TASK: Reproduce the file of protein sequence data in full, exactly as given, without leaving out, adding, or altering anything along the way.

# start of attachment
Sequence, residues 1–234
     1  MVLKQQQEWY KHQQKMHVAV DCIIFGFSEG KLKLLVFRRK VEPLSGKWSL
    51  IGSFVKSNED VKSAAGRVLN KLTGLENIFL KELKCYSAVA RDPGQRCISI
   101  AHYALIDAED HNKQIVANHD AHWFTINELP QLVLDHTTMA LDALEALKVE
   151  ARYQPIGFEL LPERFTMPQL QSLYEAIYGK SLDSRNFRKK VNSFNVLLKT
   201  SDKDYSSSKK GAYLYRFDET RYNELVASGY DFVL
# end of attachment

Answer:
Sequence, residues 1–234
     1  MVLKQQQEWY KHQQKMHVAV DCIIFGFSEG KLKLLVFRRK VEPLSGKWSL
    51  IGSFVKSNED VKSAAGRVLN KLTGLENIFL KELKCYSAVA RDPGQRCISI
   101  AHYALIDAED HNKQIVANHD AHWFTINELP QLVLDHTTMA LDALEALKVE
   151  ARYQPIGFEL LPERFTMPQL QSLYEAIYGK SLDSRNFRKK VNSFNVLLKT
   201  SDKDYSSSKK GAYLYRFDET RYNELVASGY DFVL